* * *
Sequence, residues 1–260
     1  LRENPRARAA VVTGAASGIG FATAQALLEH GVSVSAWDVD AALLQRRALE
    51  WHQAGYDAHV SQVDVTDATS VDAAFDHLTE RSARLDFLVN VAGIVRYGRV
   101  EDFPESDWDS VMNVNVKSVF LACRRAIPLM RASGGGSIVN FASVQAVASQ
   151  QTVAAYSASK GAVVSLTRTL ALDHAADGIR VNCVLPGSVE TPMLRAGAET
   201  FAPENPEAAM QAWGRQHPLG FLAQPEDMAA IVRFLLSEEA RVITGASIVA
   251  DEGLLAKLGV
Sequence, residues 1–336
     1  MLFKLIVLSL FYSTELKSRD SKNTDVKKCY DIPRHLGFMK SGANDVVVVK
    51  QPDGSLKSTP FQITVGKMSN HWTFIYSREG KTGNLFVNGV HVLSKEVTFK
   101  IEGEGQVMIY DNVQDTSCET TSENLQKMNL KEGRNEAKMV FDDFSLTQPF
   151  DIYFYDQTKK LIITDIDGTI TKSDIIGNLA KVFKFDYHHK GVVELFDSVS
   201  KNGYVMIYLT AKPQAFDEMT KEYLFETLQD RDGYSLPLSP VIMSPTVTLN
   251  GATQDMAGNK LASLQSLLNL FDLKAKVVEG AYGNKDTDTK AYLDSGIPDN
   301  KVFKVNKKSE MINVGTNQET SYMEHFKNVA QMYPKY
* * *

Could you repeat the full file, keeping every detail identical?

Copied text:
Sequence, residues 1–260
     1  LRENPRARAA VVTGAASGIG FATAQALLEH GVSVSAWDVD AALLQRRALE
    51  WHQAGYDAHV SQVDVTDATS VDAAFDHLTE RSARLDFLVN VAGIVRYGRV
   101  EDFPESDWDS VMNVNVKSVF LACRRAIPLM RASGGGSIVN FASVQAVASQ
   151  QTVAAYSASK GAVVSLTRTL ALDHAADGIR VNCVLPGSVE TPMLRAGAET
   201  FAPENPEAAM QAWGRQHPLG FLAQPEDMAA IVRFLLSEEA RVITGASIVA
   251  DEGLLAKLGV
Sequence, residues 1–336
     1  MLFKLIVLSL FYSTELKSRD SKNTDVKKCY DIPRHLGFMK SGANDVVVVK
    51  QPDGSLKSTP FQITVGKMSN HWTFIYSREG KTGNLFVNGV HVLSKEVTFK
   101  IEGEGQVMIY DNVQDTSCET TSENLQKMNL KEGRNEAKMV FDDFSLTQPF
   151  DIYFYDQTKK LIITDIDGTI TKSDIIGNLA KVFKFDYHHK GVVELFDSVS
   201  KNGYVMIYLT AKPQAFDEMT KEYLFETLQD RDGYSLPLSP VIMSPTVTLN
   251  GATQDMAGNK LASLQSLLNL FDLKAKVVEG AYGNKDTDTK AYLDSGIPDN
   301  KVFKVNKKSE MINVGTNQET SYMEHFKNVA QMYPKY